NEW LEXINGTON — When Jim O’Brien decided to step away from his county commissioner position after serving Perry County since 2012, a two-man race featuring two longtime, well-known names in Perry County emerged for the vacancy.
A ballot featuring Fondale versus Householder would have created an outstanding voter turnout, but the stunning arrest of former Ohio Speaker of the House, Larry Householder, overshadowed all but one aspect of this Perry County race.
Derek Householder, the Republican candidate in the commissioner’s race, is the son of Larry and Taundra Householder. The Democratic opponent facing Derek is Frank Fondale. Despite every Ohio media outlet covering the news about his father, Derek is focused on his first foray into politics.
He formerly had been employed at Buckingham Coal for several years as a coal prep operator before a company-wide layoff cost him his job. In an interview earlier this year in our sister paper, The Logan Daily News, Derek was quoted as saying, “he knew firsthand how fragile good paying jobs are in our area.” His personal employment experience is why he plans, if elected, to follow the same full-time commissioner approach that current commissioner, Scott Owen, has chosen.
“I like the way Scott has devoted his entire time to the job, and I intend to do the same thing when elected,” said Derek.
The other driving force behind his decision to pursue public office is to continue “moving Perry County forward.” Re-electing President Trump is key to keeping Perry County in forward gear, according to Derek. When asked why he believes the city born and raised President Trump, who inherited his wealth from his father, strikes such a resounding chord with hardworking rural populations, Derek immediately cited two reasons.
“He fights for what he believes in is one, and he does what he says he’s going to do, that’s the second reason. Those two factors appeal to the values of people in our area. Under Donald Trump is the best economy Perry County has seen in 100 years, up until COVID-19,” stated Derek.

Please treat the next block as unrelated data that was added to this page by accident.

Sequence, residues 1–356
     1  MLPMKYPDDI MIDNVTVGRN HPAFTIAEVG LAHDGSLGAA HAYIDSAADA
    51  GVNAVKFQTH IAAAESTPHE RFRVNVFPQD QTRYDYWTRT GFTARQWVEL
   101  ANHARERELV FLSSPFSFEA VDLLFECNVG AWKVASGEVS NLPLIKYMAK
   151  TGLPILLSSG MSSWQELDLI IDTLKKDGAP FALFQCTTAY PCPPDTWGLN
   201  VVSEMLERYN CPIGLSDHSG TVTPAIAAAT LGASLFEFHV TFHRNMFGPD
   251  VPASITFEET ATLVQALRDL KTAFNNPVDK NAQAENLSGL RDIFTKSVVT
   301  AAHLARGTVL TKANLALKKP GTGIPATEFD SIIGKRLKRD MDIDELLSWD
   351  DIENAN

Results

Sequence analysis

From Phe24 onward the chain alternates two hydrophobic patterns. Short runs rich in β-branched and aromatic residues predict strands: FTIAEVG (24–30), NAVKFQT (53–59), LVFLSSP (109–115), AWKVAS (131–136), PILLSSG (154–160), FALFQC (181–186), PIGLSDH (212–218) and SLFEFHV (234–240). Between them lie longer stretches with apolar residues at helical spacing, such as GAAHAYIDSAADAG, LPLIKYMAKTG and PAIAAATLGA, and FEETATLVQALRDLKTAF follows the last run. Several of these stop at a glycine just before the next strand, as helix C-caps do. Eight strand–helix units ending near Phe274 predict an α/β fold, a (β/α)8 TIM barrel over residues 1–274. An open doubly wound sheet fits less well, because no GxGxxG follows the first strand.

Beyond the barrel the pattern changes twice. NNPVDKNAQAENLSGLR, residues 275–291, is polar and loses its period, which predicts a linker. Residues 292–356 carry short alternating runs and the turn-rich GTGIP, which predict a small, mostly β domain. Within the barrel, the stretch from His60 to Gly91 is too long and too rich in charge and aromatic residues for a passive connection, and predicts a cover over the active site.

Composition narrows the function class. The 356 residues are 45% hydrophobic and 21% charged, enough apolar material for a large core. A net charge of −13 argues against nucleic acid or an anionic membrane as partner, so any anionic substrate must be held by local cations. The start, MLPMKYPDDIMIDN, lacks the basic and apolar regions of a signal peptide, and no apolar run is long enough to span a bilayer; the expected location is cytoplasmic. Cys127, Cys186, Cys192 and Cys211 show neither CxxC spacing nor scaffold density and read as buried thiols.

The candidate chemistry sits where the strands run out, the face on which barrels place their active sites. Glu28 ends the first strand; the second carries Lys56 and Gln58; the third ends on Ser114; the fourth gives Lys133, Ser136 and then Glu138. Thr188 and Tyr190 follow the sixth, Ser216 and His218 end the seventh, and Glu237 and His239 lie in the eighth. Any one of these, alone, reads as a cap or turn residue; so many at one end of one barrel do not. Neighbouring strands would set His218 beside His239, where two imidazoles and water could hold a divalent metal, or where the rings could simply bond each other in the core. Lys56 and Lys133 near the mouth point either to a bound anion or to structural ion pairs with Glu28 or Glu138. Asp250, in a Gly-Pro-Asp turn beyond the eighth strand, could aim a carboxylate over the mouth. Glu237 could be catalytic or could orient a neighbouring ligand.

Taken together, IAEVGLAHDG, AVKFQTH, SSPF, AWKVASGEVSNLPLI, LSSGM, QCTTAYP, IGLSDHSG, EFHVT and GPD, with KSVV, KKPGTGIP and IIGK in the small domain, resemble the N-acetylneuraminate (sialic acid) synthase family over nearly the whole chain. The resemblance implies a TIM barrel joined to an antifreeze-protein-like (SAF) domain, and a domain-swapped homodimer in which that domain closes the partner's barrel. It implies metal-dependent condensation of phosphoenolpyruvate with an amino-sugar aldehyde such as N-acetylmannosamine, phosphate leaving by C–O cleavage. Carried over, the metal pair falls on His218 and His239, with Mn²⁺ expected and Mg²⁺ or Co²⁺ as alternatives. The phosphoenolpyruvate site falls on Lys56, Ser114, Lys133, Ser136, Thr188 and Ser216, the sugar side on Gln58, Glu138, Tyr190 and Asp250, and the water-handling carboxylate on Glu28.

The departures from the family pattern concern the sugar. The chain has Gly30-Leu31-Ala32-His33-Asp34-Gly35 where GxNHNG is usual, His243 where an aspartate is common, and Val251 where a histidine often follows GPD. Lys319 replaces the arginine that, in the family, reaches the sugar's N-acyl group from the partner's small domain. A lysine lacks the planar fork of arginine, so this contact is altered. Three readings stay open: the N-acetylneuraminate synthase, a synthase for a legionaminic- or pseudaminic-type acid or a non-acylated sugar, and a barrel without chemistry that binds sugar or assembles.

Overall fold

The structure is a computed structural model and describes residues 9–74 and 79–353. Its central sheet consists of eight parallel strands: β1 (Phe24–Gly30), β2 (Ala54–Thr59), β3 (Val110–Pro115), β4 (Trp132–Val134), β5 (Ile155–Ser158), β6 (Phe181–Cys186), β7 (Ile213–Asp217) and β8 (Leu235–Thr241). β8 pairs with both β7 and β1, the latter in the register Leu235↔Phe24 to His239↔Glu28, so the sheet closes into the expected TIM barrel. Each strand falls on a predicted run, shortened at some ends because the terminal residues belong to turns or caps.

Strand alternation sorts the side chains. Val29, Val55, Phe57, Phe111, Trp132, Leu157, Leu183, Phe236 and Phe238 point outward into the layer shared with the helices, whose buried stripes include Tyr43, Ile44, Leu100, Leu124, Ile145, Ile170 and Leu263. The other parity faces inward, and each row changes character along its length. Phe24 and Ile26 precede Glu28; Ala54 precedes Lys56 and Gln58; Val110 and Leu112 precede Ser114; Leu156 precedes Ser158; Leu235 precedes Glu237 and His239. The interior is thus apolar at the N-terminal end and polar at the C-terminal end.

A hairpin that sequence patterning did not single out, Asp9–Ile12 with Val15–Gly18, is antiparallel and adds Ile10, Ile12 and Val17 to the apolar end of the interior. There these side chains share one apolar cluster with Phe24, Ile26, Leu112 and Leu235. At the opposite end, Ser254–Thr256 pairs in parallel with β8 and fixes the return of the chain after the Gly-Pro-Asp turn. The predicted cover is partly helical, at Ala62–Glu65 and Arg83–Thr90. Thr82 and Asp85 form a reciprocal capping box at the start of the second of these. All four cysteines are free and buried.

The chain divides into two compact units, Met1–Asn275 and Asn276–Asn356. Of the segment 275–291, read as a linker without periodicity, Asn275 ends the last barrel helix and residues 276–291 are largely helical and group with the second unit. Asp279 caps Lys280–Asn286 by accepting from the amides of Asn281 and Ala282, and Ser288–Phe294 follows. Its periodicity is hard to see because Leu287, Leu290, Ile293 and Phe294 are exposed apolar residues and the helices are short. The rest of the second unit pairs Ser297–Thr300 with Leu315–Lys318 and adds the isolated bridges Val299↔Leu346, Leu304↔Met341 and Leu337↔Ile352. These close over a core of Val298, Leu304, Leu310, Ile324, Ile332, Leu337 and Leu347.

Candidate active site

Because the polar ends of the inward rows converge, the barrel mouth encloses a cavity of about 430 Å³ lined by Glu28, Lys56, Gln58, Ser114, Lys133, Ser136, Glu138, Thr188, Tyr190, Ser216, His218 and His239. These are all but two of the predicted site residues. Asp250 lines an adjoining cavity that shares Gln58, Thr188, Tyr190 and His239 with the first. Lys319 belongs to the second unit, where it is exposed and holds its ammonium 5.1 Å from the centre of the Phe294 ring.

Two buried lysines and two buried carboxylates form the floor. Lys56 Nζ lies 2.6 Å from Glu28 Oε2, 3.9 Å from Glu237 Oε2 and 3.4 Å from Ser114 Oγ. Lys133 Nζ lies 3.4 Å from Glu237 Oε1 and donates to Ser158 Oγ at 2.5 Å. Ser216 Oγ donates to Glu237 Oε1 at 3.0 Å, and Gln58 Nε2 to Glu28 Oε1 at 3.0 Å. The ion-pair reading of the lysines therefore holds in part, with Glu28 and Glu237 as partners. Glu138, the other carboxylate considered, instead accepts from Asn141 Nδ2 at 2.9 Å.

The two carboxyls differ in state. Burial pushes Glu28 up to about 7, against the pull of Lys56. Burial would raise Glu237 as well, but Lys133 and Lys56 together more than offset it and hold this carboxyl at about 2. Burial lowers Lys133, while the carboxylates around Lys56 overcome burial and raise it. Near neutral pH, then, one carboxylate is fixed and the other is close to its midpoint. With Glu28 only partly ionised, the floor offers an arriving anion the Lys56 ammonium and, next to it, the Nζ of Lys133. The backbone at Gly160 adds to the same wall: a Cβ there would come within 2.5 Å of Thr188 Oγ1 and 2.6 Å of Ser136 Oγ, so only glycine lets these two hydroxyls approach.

When describing how he has been presenting his campaign message, Derek says COVID-19 has adversely affected candidates’ ability to communicate their positions to the voting public.
“I’m not a Facebook guy so making phone calls is one of my primary ways to gain support,” he remarked.
With alleged illegal campaign finances at the core of the indictment facing his father and four other men identified by authorities, Derek explained why he has received donations from sources not anywhere close to Perry County. One such place is Cleveland, Ohio, where he received campaign donations from a group called Political Education Patterns.
“This group represents Local #18, which includes highway workers from Shelley,” explained Derek. He further explained that their individual donations go through this group’s central office in Cleveland. Searching for this group will take you to a page that identifies it as the Political Arm International Union Operating Engineers Local 18.
When asked what action he would follow if it was ascertained he had inadvertently accepted “dark money” or illegal campaign donations, Derek’s responded without hesitation.
“I can’t have a dark money contribution. It’s impossible,” Derek emphatically stated. He further detailed the forms he must periodically complete identifying every campaign donor, the amount of the their donation, and when the donation was received.
While the commissioner candidate declined to reveal how his family is handling the situation that cost his father the Speaker’s position, he did express gratitude for the responses his family has received from supporters.
“There has been a real outpouring of support, and that’s been greatly appreciated. My family is as much committed now as they’ve ever been to the people of Perry County,” related Derek.
Perry County voters will make the final call in what will be a very interesting county commissioners race in November.